S.S.C. Expands Programs

Kaavya Mehrotra, News Writer

“[Students for Sustainable Change] is really passionate about making Pinewood a more compassionate place,” Vice Principal Hemm said when talking about the student-led group. Students for Sustainable Change, a group of students working together to implement community voice in Upper Campus policies, is currently working on a project centered around non-academic programming in order to learn what topics the student body is interested in.

In the previous semester, S.S.C. went through a “planning” stage where they laid out the trajectory for the 2022-23 school year.

“Last semester, we initially decided what our theme for the year would be,” Prisha Mohapatra, a sophomore part of S.S.C., said. 

“When S.S.C. was brainstorming topics for what we wanted to handle this [semester, non-academic programming was] one idea that Ms. Hemm spearheaded,” senior and S.S.C. member Sally King said. “We all got on board since we all have been to these presentations and they have either been fun or not so fun, so that was definitely something we wanted to improve.” 

This initial stage also included communicating with members outside of the Pinewood community in an attempt to take inspiration from other schools–such as Nueva, Oakwood, and Priory–in regards to their non-academic programming.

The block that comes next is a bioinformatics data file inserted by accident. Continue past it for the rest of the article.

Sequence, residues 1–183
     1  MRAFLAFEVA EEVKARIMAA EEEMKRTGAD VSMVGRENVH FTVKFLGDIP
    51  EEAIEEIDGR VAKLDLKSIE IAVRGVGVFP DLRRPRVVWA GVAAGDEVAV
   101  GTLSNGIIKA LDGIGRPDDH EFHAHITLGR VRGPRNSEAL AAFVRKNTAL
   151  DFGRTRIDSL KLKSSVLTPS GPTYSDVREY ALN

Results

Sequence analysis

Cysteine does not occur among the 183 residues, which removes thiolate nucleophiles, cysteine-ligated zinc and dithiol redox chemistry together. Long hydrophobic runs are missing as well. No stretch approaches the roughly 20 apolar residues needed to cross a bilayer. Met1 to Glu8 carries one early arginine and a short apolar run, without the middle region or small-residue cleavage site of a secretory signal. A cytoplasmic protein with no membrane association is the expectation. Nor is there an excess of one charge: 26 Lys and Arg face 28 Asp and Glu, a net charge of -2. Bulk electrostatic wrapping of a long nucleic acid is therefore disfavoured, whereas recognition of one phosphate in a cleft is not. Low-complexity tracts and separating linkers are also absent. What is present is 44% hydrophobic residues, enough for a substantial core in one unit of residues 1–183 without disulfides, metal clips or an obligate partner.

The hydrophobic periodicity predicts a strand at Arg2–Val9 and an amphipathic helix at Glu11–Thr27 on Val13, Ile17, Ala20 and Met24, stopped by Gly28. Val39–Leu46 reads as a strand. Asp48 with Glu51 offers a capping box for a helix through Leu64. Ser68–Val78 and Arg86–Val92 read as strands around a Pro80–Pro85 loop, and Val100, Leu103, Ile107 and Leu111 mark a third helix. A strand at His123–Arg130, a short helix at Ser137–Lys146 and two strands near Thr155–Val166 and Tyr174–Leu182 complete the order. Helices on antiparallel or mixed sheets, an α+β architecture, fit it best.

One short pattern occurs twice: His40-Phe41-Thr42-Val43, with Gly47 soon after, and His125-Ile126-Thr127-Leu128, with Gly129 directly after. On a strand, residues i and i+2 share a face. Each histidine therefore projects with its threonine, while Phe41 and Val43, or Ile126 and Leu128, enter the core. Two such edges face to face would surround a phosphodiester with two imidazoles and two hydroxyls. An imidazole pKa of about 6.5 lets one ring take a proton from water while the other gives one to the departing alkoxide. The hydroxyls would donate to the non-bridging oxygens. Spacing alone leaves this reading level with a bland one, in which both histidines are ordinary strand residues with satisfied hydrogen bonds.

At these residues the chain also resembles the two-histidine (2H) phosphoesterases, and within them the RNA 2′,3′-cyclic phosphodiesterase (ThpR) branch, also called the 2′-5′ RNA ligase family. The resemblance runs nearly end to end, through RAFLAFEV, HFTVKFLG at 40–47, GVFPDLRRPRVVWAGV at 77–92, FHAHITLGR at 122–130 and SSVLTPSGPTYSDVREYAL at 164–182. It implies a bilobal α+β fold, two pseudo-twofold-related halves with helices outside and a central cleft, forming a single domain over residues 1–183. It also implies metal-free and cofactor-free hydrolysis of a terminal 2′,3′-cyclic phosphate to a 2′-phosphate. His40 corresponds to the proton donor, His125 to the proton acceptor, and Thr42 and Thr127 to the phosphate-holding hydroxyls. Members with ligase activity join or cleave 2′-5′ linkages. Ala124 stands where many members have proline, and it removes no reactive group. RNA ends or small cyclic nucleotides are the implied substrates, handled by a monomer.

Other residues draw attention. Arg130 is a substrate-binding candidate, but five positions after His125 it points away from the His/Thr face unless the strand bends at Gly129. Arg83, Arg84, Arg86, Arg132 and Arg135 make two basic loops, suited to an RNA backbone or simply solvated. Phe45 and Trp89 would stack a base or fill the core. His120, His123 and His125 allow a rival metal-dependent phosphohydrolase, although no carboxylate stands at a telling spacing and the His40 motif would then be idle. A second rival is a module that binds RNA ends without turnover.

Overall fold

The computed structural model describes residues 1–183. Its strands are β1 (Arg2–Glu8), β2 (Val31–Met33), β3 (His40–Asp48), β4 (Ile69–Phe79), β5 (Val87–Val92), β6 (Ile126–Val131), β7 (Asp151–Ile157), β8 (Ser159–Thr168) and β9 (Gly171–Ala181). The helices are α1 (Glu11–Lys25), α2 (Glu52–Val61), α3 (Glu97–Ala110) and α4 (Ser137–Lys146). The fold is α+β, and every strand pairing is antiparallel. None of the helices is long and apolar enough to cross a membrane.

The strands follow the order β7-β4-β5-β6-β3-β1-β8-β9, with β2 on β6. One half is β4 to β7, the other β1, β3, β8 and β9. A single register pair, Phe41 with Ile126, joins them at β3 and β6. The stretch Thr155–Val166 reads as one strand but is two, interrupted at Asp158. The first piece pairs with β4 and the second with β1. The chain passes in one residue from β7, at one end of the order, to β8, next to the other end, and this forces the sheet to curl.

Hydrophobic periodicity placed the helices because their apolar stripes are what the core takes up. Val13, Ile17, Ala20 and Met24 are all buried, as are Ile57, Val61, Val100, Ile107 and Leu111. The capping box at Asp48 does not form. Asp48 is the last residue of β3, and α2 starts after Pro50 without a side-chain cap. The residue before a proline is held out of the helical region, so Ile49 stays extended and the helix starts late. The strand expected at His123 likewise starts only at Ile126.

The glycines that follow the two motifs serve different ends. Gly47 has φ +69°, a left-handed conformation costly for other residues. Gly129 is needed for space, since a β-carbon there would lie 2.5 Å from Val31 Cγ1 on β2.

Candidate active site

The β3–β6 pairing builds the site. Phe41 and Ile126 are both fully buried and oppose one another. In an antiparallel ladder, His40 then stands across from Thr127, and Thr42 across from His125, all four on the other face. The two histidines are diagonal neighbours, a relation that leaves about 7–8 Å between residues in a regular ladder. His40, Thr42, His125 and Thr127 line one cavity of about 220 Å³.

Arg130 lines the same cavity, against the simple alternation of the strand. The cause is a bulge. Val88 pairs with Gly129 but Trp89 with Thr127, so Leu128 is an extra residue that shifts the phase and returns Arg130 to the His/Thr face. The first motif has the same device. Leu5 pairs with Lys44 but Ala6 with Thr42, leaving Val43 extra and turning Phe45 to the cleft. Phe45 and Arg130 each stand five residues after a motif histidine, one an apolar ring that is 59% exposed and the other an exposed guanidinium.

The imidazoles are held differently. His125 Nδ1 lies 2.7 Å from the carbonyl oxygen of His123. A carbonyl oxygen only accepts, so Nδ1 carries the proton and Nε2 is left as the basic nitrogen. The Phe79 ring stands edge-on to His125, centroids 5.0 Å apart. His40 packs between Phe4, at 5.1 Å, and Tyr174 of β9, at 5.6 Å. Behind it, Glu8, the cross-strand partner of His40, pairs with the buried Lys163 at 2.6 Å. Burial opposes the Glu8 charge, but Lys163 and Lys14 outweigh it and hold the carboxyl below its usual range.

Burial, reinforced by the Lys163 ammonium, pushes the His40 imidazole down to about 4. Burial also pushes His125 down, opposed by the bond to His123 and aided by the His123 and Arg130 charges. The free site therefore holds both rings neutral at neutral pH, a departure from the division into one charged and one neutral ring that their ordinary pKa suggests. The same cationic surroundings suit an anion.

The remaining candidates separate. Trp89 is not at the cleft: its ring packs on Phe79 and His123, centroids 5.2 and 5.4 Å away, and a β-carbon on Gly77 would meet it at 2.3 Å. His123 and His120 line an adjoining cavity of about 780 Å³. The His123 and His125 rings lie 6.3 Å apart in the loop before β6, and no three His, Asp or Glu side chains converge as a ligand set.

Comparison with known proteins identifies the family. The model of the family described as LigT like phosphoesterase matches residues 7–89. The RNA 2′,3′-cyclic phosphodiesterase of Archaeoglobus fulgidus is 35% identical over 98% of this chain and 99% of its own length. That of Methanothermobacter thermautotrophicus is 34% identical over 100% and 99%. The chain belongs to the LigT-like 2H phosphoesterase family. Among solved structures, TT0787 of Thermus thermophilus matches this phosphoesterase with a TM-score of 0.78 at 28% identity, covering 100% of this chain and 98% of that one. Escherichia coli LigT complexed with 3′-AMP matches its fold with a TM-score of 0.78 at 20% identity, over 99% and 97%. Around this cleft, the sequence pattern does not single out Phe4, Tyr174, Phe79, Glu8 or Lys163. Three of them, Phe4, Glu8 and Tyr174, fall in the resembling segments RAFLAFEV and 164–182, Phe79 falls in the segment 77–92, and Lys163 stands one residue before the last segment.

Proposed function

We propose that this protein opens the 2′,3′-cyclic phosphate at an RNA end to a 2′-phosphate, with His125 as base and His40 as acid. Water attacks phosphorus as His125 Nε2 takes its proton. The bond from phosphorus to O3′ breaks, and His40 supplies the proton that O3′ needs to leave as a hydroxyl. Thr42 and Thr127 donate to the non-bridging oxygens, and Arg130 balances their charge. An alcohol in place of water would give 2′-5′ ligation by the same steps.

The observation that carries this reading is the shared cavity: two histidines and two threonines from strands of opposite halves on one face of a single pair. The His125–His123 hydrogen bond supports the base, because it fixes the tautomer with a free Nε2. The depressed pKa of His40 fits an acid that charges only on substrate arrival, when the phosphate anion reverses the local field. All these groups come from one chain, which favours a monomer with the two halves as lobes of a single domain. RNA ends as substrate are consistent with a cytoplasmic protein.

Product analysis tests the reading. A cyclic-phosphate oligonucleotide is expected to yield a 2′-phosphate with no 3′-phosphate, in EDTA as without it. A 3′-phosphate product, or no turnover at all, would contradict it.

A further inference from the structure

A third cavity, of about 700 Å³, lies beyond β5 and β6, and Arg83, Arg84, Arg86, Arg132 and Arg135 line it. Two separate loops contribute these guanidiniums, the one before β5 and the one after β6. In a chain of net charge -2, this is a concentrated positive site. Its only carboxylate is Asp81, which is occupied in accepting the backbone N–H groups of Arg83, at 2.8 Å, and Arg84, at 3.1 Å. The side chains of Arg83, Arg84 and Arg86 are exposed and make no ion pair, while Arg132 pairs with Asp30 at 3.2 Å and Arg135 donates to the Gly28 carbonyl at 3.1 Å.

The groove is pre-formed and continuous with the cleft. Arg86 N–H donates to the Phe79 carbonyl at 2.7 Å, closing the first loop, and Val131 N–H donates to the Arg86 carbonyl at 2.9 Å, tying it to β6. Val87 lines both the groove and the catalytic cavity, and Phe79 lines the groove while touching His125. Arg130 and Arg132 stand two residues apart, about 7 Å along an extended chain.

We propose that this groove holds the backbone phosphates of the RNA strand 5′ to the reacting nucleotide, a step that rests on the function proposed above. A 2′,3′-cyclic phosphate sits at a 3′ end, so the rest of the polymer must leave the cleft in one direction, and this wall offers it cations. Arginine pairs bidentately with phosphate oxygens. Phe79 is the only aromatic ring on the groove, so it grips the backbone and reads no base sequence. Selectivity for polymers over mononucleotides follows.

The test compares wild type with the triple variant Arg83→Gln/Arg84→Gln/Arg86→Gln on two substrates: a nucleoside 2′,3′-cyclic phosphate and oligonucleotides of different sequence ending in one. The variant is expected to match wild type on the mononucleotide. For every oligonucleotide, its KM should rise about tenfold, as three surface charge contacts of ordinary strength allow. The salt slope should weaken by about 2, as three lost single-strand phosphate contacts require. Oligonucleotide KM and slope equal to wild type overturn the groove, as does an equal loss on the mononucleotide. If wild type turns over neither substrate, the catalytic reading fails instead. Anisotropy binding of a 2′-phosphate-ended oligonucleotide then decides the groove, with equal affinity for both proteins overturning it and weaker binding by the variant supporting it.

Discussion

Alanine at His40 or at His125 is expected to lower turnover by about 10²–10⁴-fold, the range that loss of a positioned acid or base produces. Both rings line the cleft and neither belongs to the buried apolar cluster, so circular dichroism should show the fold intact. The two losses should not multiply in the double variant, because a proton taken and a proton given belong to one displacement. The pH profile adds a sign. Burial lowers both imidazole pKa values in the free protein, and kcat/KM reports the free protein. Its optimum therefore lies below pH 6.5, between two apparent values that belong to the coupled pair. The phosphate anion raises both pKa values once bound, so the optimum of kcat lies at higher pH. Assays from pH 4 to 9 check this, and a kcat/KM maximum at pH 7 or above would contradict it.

“We would use our personal connections and then delegate that way,” Hemm said. S.S.C. then used this information to create surveys for the Pinewood community. 

The ultimate goal would probably be to ensure that everyone in our community, from parents, to faculty, to students, have a chance to voice their ideas and hopes for it,” Mohapatra said.

In the second semester, S.S.C. plans to use the data they have gathered to improve non-academic programming. 

“Much of what we did last semester will not be repeated this semester, since we will be focusing more on gathering data and analyzing it,” Mohapatra said. 

“We were thinking about conducting focus groups of smaller random people from each grade — this includes random parents, faculty members, and students — and try to have deeper conversations about our topics or what they want to see from us,” King said.

Hemm has been critical with the success of the team, constantly encouraging S.S.C. to keep pushing through setbacks.

“[She] has been instrumental in guiding us and working with us,” Mohapatra said.     

With S.S.C. ‘s hopes to better the non-academic programming at Pinewood, King asks the community to take an active role in helping S.S.C..

“I would like to see the community just respond to the surveys when we send them because we really want to hear their voices,’’ King said.